Ibiza has long been known as a party island, but slowly its reputation is beginning to change. Yes, you could go to a different dance club every night for a week, but Ibiza has so much more to offer than just that. There’s enough culture and beautiful scenery to keep families and couples entertained for seven days or even longer. Uncover a different side to the island and expect to be charmed.

Day 1 – Discover Santa Eulalia on foot

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Santa Eulalia is the perfect place to set the tone for your trip to Ibiza. While it is an exciting destination with lots going on, the nightlife is far more laid-back than in San Antonio. You can enjoy fantastic food and unlock the secrets to the island’s culture in what is the third biggest resort in Ibiza.

Start the day with a walk along Santa Eulalia’s seafront promenade. A wander past the long beach, taking in the palm trees, pretty gardens and fountains will give you an instant feeling of calm and remind you that you’re on holiday. You’ll eventually come to Mariner’s Beach, where there’s welcoming white sand and a picturesque harbour.

Continue further along to see the thoughtfully restored Roman bridge and take in the beauty of the riverside location. From here you are close to the beach of Calo de S’Alga, which is small but perfectly formed, and the Siesta neighbourhood. You’ll feel like you’re in a little village and there are some lovely cafes to enjoy a drink in, before heading back the way you came.

By now you’re likely to have built up an appetite for lunch and The Royalty is somewhere you really must try. Situated in the heart of Santa Eulalia in its main square La Rambla, this restaurant with its peach-hued facade,​ has built up a good reputation since the current owners took it over in the 1980s.

The Royalty’s history goes back further than that, however, as it was constructed as a hotel in 1933 and its elegant style reflects the architecture of the day. During the Spanish Civil War, it was frequented by Franco and was the political opposite of the Can Cosmi across the street, where the Republicans could be found.

When it comes to ordering lunch, you’ll be spoilt for choice with an extensive menu and wide selection of tapas options available. For those who are hungry, the menu del dia, consisting of three courses, represents the best value for money and is a great introduction to the food of Ibiza. With a children’s menu available and around a dozen desserts on offer, you couldn’t ask for more.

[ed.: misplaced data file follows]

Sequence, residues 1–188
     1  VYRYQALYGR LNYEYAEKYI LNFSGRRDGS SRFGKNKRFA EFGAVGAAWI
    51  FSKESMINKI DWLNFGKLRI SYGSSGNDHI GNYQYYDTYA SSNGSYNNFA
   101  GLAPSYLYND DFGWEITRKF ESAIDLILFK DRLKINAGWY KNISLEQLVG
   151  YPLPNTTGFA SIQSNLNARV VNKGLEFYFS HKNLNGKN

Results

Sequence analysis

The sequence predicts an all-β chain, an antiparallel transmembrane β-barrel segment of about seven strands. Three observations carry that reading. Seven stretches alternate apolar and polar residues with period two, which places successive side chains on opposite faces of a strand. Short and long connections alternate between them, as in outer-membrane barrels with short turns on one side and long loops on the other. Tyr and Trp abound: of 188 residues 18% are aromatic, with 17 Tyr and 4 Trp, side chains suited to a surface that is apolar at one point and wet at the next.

Santa Eulalia is known for being a creative place, with plenty of artists calling it home. On the street that leads from the Town Hall to the sea you will often find craft vendors have set up their stalls, so take a little wander to walk off your lunch and decide if there are any souvenirs you’d like to buy.

Climb to the top of the Puig de Missa, which translates as the Hill of Mass, to see the pretty Church of Our Lady of Jesus. Its stunning 16th-century architecture is something to behold, but don’t forget to look outwards too. From here you have vistas across much of the municipality. Landmarks to spot include Santa Gertrudis, much of Jesus, Es Cana, San Carlos and the stunning bay of Cala Llonga.

See the sun disappear behind the horizon from the roof of the Aguas de Ibiza luxury spa hotel. Here, you can get a drink and take in the views of the marina while the sun sets. It’s a great spot and you don’t have to be staying at the hotel to take advantage of its prime location for an hour or so.

When it comes to the evening, you have a number of options, with the liveliest being at the marina. Here Guarana hosts live music and DJs with a hopping dancefloor, offering a taste of the nightlife Ibiza is famous for. If this is not your vibe, then there are plenty of more low-key things to enjoy. On Santa Eulalia’s main street, you can dine on anything from traditional island dishes to curry or sushi.

Day 2 – Have a beach day at Cala Conta

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It would be a shame to travel to a fabulous island such as Ibiza and not have a day relaxing on the beach. When it comes to the stretch of sand you opt to lay yourself out on, the choices are seemingly endless depending on what you’re looking for. Cala Conta, not far from San Antonio, is a good bet, however, as it has several areas to choose from and plenty of amenities.

With white sand, turquoise waters and views across to nearby islands, Cala Conta is a vision of paradise. Choose to base yourself at the beach backed by sand dunes or the one with a rocky coastline. Alternatively, seek out the steps cut into the rock at the west end of the beach, which take you to a small naturist cove.

Spend the morning splashing about in the sea, snorkelling or hiring a pedalo. Cala Conta is a popular area and there is a lifeguard on duty, but don’t venture too far out to see where the current gets stronger. Sun loungers and parasols are available to hire, so there’s everything you need to lie back and relax.